1. It is often difficult to identify, and advise a potential claimant on, whether particular acts “constitute a sufficient degree of physical control”. Richard Millett QC in Dyer (at [10]) warned against “pointing to any particular case and using it as transposable authority”. He cited Red House Farms (Thorndon) Ltd v Catchpole (1977) 2 EGLR 85 and Chapman v Godinn Properties Ltd [2005] EWCA Civ 941, in which the Court of Appeal held that the seasonal use of marshland for shooting and the occasional mowing and cutting back of shrubs were, respectively, evidence of an appropriate degree of exclusive physical control. In each case, the nature of the land was such that these acts were all an owner or person in possession could be expected to do. By contrast, he cited Ellett-Brown v Tallishire Ltd (29 March 1990, unreported) in which Lord Justice Lloyd had held that planting thousands of daffodils “to adorn and beautify the disputed land” had not been a sufficiently unequivocal act of possession.
  2. A danger for S under schedule 6 to the LRA 2002, but not under the LA 1980 regime, is vacating possession before applying for registration. Under the LA 1980, the extinguishment of the owner’s title meant that, having possessed for 12 years, S could vacate the property without prejudicing their claim. This does not apply under schedule 6 to the LRA 2002; paragraph 1 states that the period of 10 or more years’ possession must (subject to limited exceptions in paragraph 2) end “on the date of the application”.

Concerns and pitfalls for the landowner

  1. Adverse possession depends upon O’s inactivity. O can take relatively easy and inexpensive steps to prevent a claim arising and/or succeeding. O has either 10 or 12 years in which to commence possession proceedings. Should this seem unattractive, the grant of a licence to occupy (see Smart above), which need not be contractual in nature (BP Properties v Buckler (1988) 55 P7 CR 337) and can therefore be unilateral, should, if carefully drafted, substantially reduce the risk of a successful claim. JA Pye is, however, a potent reminder of how allowing S to remain in possession after a licence has expired can have disastrous consequences for O.
  2. The likelihood of a successful application is significantly reduced where land is registered. Owners of unregistered land should therefore be encouraged to apply voluntarily for first registration. Land Registry fees for voluntary first registration are reduced by 25%. The process of examining the deeds and accompanying plans in preparation for an application may bring to the owner’s attention the possibility of a claim for adverse possession arising.
  3. The procedure under schedule 6 to the LRA 2002 by which Land Registry must notify registered proprietors / chargees of S’s application relies upon Land Registry holding up-to-date addresses for service of the registered proprietor / chargee. Registered proprietors may have up to three addresses for service; one could be their solicitor’s address, so that O and O’s adviser become aware of S’s claim simultaneously.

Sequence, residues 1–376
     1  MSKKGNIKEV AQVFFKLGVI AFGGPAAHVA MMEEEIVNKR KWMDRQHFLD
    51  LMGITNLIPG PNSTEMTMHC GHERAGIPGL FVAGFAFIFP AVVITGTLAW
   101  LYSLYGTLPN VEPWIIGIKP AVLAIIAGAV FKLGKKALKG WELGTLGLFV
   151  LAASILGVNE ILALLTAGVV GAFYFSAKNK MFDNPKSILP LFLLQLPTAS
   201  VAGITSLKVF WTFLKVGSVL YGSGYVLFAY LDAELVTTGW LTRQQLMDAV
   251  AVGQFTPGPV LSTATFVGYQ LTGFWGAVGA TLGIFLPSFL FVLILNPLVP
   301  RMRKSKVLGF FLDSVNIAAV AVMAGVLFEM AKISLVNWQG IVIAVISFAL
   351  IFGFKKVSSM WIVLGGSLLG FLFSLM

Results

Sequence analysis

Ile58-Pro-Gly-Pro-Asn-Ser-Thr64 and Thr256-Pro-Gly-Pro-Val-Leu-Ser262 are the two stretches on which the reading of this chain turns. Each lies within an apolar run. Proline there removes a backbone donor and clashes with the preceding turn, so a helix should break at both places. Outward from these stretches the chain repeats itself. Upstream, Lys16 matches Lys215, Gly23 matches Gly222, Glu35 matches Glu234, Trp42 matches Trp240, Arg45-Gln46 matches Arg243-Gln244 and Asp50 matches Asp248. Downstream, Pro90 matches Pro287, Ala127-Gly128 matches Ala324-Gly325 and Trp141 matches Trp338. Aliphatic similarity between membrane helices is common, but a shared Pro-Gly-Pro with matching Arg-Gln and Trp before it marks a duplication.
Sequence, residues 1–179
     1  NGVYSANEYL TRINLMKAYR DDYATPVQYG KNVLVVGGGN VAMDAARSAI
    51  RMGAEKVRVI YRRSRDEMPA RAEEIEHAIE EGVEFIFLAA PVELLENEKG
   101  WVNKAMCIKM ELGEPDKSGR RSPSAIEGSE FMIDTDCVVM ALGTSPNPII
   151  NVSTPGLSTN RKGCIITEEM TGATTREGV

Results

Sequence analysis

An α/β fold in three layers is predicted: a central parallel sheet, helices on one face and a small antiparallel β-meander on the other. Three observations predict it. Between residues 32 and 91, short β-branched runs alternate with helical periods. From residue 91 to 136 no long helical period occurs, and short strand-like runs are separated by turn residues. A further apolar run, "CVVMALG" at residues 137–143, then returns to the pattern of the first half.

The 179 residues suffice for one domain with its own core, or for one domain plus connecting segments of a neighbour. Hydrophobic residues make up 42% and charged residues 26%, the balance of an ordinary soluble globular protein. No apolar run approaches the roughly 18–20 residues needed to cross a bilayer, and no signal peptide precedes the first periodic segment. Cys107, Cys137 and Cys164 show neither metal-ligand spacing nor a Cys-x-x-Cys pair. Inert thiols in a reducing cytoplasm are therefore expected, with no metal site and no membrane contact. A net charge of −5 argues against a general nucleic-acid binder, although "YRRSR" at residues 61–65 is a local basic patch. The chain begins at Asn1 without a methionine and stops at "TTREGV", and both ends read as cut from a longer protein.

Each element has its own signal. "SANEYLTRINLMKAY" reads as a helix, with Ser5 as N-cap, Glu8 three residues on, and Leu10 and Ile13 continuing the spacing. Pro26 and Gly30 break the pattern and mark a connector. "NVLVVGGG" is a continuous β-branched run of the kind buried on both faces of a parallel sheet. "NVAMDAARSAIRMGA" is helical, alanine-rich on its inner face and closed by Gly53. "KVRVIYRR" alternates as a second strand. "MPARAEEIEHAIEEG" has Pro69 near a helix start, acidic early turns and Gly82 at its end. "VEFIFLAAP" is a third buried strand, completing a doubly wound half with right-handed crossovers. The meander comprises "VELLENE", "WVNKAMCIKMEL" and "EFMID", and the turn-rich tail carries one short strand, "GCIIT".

Land Registry procedure

For the relevant procedures, practitioners are referred to the most recent (October and June 2014) editions of Land Registry Practice Guides 4 (Adverse possession registered land) and 5 (Adverse possession of (1) unregistered land, and (2) registered land where the right to be registered arose before 13 October 2003). Both guides summarise (at section 3: ‘Adverse possession: the essentials’) the applicable law, and give detailed guidance on the correct procedure.

The forms for applications differ. For registered land, form ADV1 must be used. For registered land subject to section 75, LRA 1925, form AP1 applies. Where land is unregistered, forms FR1 and DL should be used.

In all cases, practitioners must supply supporting evidence in the form of one or more statements of truth or statutory declarations.  Statements of truth may, but need not be, on Form ST1. The guides advise that the statements be in the declarant’s own words, rather than in “language copied from precedent books”. The format of form ST1 is a useful guide to ensuring, where possible, that the supporting evidence is complete.  

Practitioners should also take care when sending original documents to Land Registry practice guide 4 (updated in October 2014) states that, in respect of applications to which it relates, Land Registry only requires certified copies of deeds and documents, and that after scanning, the documents received will be destroyed (including any originals). Practice guide 5 is different. For applications to which it relates, practitioners must supply a certified copy of the statutory declaration or statement of truth if they want the original returned; automatic destruction of original documents is not referred to.

Successfully applying for registration based on adverse possession is a demanding and uncertain process. An inattentive owner still risks becoming a victim of adverse possession. Recent cases show that the doctrine is very much alive, and will continue to create uncertainty for the foreseeable future.